Steve Gilliard, 1964-2007
It is with tremendous sadness that we must convey
the news that Steve Gilliard, editor and publisher of The News Blog,
passed away June 2, 2007. He was 42.
To those who have come to trust
The News Blog and its insightful, brash and unapologetic editorial
tone, we have Steve to thank from the bottom of our hearts. Steve helped
lead many discussions that mattered to all of us, and he tackled subjects
and interest categories where others feared to tread.
Please keep Steve's friends and family in your
thoughts and prayers.
Steve meant so much to us.
We will miss him terribly.
photo by lindsay beyerstein
Wes Cheek: "The Problem with the Problem with Nazi Analogies"
An unfortunate pose
thanks to Wes Cheek for this great cross-post - THANKS WES!
Godwin’s law tells us that internet conversations inevitably migrate towards Nazi analogies and therefore loose their usefulness. This may very well be true, but it presents me with a slight problem.
As I stated in an earlier post, I am currently rereading Antony Beevor’s brilliant history of the Battle of Stalingrad. On page 67, Field Marshal Paulus receives a letter from Major Count Claus von Stauffenberg, who usually served on the general staff but had recently been serving on the Russian Front. He writes:
How refreshing it is to get away from this atmosphere to surroundings where men give of their best without a thought, and give their lives too, without a murmur of complaint, while the leaders and those who should set an example quarrel and quibble about their own prestige, or haven’t the courage to speak their minds on a question which affects the lives of thousands of their fellow men.
You can see our problem. This is obviously two Nazis having a conversation. It is also, obviously, very poignant. Beyond that, it is also, again obviously, relevant. One Nazi making an accurate observation to another Nazi that provides us with an insight that can be relevant to us today, is that something that we should pretend not to notice?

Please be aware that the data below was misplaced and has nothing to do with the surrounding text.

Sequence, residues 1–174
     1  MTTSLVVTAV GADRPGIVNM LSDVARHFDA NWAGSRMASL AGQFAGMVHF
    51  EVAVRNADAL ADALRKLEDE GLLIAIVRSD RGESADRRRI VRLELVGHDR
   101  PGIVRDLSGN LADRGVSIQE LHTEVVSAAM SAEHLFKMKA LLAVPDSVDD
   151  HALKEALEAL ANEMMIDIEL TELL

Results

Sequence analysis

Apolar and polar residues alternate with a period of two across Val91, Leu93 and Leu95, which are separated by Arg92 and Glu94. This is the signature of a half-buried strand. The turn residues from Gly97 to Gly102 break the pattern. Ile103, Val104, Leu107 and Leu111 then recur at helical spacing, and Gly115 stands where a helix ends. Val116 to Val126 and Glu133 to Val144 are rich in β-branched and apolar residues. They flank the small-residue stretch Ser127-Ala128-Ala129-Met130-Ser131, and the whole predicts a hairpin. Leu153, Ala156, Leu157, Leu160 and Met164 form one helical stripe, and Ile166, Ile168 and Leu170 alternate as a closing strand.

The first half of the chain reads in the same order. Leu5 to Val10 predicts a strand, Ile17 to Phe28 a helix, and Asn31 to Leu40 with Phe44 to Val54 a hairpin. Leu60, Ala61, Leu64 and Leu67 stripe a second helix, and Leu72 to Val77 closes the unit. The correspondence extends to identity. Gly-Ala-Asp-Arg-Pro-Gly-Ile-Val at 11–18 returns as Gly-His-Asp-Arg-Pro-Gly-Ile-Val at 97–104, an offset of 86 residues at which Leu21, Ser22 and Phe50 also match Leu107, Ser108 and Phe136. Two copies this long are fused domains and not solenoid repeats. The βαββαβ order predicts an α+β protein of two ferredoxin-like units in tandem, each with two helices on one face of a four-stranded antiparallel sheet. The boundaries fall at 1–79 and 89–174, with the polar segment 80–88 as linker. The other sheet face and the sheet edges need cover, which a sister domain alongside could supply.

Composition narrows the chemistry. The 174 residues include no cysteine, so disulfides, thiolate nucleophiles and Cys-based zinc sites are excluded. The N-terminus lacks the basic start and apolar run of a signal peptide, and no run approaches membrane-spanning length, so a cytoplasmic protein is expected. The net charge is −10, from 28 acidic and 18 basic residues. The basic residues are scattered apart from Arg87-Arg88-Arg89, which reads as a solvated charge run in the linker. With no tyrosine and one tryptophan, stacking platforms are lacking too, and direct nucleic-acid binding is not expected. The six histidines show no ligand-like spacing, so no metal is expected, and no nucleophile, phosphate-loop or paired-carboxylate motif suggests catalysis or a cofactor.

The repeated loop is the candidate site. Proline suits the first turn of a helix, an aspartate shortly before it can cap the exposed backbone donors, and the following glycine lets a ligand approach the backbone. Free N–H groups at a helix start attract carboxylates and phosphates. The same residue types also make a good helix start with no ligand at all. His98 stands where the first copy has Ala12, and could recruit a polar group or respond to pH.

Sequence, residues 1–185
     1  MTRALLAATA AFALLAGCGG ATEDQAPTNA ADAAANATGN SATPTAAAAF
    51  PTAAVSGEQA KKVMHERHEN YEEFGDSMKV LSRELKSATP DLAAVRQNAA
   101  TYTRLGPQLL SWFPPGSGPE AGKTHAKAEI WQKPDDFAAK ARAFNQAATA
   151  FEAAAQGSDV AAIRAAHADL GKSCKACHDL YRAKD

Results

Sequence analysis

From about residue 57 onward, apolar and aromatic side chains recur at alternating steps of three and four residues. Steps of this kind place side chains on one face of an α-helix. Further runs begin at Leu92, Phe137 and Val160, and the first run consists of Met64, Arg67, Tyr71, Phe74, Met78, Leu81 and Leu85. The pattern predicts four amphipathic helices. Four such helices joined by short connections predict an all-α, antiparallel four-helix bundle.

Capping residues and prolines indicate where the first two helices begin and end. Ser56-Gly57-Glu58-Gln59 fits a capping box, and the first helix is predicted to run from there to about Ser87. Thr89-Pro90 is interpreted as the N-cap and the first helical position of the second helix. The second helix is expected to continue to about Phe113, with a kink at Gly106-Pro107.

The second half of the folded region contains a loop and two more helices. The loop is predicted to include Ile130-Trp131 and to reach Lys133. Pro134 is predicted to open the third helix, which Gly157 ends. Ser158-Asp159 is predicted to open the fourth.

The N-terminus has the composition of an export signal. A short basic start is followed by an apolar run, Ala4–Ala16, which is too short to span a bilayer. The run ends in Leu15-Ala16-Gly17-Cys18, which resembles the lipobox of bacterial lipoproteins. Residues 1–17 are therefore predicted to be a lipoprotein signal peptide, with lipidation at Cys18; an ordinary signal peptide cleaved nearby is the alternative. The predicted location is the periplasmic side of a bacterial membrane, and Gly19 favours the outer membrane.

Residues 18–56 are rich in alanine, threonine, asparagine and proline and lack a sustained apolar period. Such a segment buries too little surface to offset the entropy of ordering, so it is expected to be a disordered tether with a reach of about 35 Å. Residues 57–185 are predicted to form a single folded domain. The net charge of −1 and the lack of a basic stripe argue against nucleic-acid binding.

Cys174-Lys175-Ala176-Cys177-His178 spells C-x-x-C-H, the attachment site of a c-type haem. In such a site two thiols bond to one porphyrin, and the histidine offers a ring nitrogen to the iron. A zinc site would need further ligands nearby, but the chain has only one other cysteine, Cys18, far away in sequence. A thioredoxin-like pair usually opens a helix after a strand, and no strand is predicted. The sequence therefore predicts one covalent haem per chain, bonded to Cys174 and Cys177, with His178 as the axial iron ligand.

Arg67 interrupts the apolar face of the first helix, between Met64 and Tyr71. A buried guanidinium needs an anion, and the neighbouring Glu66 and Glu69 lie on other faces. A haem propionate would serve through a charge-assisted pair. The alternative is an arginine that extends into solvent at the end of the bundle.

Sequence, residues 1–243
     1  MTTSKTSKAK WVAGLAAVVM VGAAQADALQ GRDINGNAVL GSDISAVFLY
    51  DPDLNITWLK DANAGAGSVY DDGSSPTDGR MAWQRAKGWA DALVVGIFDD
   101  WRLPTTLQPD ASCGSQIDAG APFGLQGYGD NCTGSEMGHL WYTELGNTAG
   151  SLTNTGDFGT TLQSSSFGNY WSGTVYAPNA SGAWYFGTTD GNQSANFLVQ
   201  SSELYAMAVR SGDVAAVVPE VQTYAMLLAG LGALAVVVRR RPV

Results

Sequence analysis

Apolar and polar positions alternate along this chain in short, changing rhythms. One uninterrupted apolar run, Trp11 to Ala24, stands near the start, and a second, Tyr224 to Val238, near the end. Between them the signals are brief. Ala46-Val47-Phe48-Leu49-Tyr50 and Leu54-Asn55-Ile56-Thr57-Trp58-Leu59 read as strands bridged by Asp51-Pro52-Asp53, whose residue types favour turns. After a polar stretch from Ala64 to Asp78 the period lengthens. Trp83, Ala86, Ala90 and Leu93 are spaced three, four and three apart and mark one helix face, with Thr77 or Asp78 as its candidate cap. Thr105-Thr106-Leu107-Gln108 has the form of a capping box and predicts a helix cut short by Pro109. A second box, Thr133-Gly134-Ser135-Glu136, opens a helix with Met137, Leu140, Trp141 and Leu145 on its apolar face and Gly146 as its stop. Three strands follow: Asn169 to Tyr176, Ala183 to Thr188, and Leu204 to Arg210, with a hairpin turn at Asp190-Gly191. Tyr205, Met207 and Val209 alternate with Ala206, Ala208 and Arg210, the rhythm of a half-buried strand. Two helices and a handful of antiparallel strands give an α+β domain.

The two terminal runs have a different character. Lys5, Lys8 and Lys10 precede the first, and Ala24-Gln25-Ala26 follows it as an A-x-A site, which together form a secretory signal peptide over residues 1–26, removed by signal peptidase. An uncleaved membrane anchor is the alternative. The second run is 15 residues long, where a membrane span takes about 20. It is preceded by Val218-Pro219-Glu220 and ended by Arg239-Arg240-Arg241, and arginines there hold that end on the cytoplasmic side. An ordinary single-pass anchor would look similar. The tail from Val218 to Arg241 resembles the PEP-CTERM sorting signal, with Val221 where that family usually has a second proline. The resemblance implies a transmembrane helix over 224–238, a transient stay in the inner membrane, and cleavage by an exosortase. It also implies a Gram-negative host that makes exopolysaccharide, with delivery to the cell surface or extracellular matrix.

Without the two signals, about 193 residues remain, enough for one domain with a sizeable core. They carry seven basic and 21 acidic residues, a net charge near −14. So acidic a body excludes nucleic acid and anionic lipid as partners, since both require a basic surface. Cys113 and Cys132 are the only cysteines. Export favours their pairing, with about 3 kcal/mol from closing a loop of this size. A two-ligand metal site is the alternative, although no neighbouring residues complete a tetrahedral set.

Hitler’s big problem is that he was a genocidal maniac who exterminated people by the millions. He had lots of other problems. One of them pertained to his abilities as a military commander. As implied by von Stauffenberg’s letter above, Hitler had intimidated people away from commenting on his mistakes. Further, as can be evidenced in Beevor’s superb book, he was content only with yes men who would provide him with information that related to the reality he desired to believe. People who brought him the truth were quickly upbraided and filtered out. This factor played a great role in the disaster at Stalingrad.
We, however, are not supposed to discuss this. You see, using names like Paulus and von Stauffenberg are too subtle. We can only say ‘Nazi’ and then think how wrong it is to think along those lines. What other military figures are we not allowed to discuss? Stalin? The name has a pretty big shadow over it, but people use it. Shaka Zulu? Kamehameha the Great? Sitting Bull? Vo Nguyen Giap?
When someone presents their self as the military leader of a country, they deserve to be judged by those standards. One of the most influential and well documented figures in that coterie was Hitler. We can look at his record and analyze what was wrong. Now, it is obvious that the comparison being made in this piece is to Iraq. Does that mean to imply that President Bush would like to gas Jews? No, of course not. Does it insinuate that he might grow a mustache? Never. Is it possible he might do meth until he goes impotent? Possible, but irrelevant. Is it feasible that he would be so blinded by his own vision that he would discount the facts and surround himself with people who would do the same making the soldiers who served under him suffer needlessly? You make the call.
I have a unifying theory about life here in Japan; when you treat people like children, they will act like children. That is just as true in the realm of American debate. We have internalized equivocation. We have traded accuracy for mediocrity because sometimes precision is scary. Is it immature to say ‘Bush is a Nazi’? Yes, of course it is. It is also stupid. But, it is more juvenile to write off history as context because we are afraid that someone will take our argument and simplify it. I read von Stauffenberg’s letter as an indictment of a hierarchy in thrall to their own self-importance. It was written by a Nazi, to a Nazi about Nazis and it is relevant to our discourse today. That is my problem with the problem with Nazi analogies.
- posted by Wes Cheek
Labels: Bush, nazi